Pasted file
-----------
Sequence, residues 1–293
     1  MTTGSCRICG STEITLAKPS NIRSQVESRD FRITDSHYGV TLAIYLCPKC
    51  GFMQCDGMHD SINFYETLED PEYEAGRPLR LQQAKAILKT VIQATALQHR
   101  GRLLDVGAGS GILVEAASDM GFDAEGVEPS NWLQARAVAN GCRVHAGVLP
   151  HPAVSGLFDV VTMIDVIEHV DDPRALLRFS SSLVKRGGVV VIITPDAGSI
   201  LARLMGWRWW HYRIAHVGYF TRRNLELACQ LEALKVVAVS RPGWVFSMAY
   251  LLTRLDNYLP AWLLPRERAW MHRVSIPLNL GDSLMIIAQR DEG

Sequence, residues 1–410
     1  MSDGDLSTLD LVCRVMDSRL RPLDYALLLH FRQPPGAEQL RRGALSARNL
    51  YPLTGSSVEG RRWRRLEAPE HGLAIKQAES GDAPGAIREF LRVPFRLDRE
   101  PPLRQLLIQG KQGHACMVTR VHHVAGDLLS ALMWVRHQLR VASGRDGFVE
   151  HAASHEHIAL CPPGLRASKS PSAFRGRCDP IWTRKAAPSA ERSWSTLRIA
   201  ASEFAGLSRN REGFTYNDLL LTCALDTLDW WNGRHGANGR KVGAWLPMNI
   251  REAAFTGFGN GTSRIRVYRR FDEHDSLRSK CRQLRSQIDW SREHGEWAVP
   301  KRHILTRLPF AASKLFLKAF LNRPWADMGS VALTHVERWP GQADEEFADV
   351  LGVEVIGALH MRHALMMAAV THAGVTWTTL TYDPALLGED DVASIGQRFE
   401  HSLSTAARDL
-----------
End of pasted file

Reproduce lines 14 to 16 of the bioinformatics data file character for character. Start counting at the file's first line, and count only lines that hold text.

   251  REAAFTGFGN GTSRIRVYRR FDEHDSLRSK CRQLRSQIDW SREHGEWAVP
   301  KRHILTRLPF AASKLFLKAF LNRPWADMGS VALTHVERWP GQADEEFADV
   351  LGVEVIGALH MRHALMMAAV THAGVTWTTL TYDPALLGED DVASIGQRFE